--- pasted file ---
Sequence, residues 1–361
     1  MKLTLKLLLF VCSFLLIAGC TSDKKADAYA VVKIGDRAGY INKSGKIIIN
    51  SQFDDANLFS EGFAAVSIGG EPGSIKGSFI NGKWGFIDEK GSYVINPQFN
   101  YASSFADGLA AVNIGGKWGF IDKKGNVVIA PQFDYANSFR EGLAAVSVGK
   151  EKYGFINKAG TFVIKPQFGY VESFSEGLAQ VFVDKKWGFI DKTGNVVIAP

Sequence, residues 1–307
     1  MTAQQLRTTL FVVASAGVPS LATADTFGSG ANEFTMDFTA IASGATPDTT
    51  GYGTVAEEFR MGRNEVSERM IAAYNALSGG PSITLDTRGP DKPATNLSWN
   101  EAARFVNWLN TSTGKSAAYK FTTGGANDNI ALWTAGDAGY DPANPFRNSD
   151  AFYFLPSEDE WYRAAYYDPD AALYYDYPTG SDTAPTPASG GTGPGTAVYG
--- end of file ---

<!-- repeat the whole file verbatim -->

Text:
Sequence, residues 1–361
     1  MKLTLKLLLF VCSFLLIAGC TSDKKADAYA VVKIGDRAGY INKSGKIIIN
    51  SQFDDANLFS EGFAAVSIGG EPGSIKGSFI NGKWGFIDEK GSYVINPQFN
   101  YASSFADGLA AVNIGGKWGF IDKKGNVVIA PQFDYANSFR EGLAAVSVGK
   151  EKYGFINKAG TFVIKPQFGY VESFSEGLAQ VFVDKKWGFI DKTGNVVIAP

Sequence, residues 1–307
     1  MTAQQLRTTL FVVASAGVPS LATADTFGSG ANEFTMDFTA IASGATPDTT
    51  GYGTVAEEFR MGRNEVSERM IAAYNALSGG PSITLDTRGP DKPATNLSWN
   101  EAARFVNWLN TSTGKSAAYK FTTGGANDNI ALWTAGDAGY DPANPFRNSD
   151  AFYFLPSEDE WYRAAYYDPD AALYYDYPTG SDTAPTPASG GTGPGTAVYG